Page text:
Peacock isn't immune to the effects of the production shutdown that has affected all TV and film production. Remakes of "Battlestar Galactica," "Saved By the Bell" and "Punky Brewster," along with the podcast-based "Dr. Death" with Jamie Dornan and Alec Baldwin, won't be available at launch.
Since April, 15 million subscribers of Comcast's Xfinity and Flex cable and streaming services have received premium access at no extra charge; Cox subscribers get that same deal starting Wednesday.
Strauss says early on, family viewing was a big draw.
"What we did find pretty early was that a lot of people who were sheltering in place were really looking for comfort-food television," he says.
Like HBO Max, Peacock is not yet available on the two largest streaming platforms, Roku and Amazon Fire, but viewers will be able to access it on Apple devices, Microsoft Xbox devices, Google platforms and devices and Vizio Smartcast and LG smart TVs. Other options include the Peacock app or peacocktv.com.
The free tier will include more than half the programming hours of the service. As some are on Hulu, current NBC shows will be available – just a day after broadcast for premium subscribers; a week later for free – and viewers can watch "30 Rock," "Downton Abbey" and "Friday Night Lights." The film library includes such classic favorites as "Jurassic Park" and "E.T."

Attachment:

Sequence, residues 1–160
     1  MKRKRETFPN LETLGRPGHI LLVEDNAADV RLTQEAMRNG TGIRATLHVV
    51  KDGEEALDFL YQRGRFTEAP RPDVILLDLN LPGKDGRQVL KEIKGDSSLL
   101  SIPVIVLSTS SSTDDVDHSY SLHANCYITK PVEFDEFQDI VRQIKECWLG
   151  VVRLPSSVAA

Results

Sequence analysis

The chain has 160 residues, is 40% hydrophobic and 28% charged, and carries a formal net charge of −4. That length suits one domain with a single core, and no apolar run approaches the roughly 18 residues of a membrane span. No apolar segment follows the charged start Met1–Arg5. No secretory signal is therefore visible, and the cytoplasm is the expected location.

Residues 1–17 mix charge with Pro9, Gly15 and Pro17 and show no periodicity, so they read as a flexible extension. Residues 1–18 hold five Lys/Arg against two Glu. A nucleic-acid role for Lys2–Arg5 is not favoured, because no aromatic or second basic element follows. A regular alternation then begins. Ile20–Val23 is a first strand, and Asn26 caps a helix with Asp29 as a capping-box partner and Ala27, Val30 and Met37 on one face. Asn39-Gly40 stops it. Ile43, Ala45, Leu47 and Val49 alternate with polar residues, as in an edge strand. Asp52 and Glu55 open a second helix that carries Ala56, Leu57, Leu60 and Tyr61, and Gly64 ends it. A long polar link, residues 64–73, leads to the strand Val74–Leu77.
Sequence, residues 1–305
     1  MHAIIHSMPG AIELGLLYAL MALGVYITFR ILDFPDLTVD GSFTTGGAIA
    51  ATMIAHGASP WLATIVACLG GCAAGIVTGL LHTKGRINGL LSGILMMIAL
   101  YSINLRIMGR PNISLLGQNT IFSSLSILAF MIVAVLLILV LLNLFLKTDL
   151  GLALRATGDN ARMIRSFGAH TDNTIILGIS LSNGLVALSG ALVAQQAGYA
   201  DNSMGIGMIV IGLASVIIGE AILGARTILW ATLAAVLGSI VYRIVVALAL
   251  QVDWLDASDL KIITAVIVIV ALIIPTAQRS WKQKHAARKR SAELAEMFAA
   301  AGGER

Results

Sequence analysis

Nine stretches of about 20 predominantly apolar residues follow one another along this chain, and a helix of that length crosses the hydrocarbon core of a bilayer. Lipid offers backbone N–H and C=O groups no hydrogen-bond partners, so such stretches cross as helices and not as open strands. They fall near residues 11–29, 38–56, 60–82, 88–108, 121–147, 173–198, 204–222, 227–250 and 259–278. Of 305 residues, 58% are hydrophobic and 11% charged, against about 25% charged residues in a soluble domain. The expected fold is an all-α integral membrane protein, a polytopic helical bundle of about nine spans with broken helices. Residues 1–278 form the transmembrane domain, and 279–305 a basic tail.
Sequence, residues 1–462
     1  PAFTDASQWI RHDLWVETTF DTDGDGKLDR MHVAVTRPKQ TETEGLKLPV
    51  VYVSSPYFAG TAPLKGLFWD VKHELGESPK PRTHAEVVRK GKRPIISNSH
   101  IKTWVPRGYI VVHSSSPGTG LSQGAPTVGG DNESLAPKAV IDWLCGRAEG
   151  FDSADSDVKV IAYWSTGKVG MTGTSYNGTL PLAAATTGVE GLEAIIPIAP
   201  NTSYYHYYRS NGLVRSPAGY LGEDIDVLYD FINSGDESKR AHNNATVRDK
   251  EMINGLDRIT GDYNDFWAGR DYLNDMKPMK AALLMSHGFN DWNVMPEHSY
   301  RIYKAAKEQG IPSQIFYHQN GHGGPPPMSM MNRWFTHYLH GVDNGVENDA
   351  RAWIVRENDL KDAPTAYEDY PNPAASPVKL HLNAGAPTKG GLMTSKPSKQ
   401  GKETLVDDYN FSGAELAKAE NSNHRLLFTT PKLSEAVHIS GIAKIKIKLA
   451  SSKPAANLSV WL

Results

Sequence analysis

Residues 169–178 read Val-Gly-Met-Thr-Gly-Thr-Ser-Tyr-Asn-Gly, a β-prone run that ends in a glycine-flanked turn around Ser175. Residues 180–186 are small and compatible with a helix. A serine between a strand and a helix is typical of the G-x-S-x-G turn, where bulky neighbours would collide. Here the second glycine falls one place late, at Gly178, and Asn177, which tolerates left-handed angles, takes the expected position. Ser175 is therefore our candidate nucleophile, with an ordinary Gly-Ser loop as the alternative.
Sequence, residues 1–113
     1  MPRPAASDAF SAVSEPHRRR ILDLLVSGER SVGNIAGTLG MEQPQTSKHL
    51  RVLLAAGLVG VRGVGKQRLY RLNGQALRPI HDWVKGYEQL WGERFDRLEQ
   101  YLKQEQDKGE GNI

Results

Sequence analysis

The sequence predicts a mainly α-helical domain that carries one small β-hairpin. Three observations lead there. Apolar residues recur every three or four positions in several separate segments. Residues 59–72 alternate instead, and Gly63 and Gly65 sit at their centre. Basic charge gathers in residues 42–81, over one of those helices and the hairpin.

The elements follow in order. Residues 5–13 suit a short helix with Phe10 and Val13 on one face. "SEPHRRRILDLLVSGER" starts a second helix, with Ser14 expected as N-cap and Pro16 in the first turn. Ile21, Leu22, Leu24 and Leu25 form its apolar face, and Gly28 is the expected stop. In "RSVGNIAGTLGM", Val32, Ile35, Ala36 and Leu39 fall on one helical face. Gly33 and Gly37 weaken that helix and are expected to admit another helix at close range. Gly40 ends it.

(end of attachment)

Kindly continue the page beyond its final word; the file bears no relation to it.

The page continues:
"Saturday Night Live," "The Tonight Show Starring Jimmy Fallon" and "Late Night with Seth Meyers" will be available, with clip-based channels highlighting the best of Fallon, Meyers and the "SNL" vault.
Peacock relies heavily on the TV and film libraries of NBCUniversal properties, including NBC, USA, Syfy, E! and Universal Pictures and DreamWorks Animation. But it also extends to non-exclusive programming from other studios, including "Everybody Loves Raymond," "Frasier," "Cheers" and "The Carol Burnett Show."
"We didn't call ourselves NBC Plus. We called ourselves Peacock. That's partly because we always had an eye toward this bigger version of how we want to aggregate content, much broader than just NBCUniversal," Strauss says.